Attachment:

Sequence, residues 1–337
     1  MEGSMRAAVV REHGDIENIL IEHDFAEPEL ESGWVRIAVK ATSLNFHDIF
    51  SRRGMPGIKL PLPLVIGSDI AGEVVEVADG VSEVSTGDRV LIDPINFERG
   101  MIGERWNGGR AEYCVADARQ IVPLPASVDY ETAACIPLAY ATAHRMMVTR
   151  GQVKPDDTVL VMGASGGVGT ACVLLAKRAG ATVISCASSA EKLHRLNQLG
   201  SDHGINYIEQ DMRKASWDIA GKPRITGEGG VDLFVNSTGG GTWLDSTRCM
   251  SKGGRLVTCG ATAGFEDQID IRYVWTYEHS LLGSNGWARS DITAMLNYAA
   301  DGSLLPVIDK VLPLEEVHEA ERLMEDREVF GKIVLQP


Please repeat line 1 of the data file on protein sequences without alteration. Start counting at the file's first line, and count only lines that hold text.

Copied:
Sequence, residues 1–337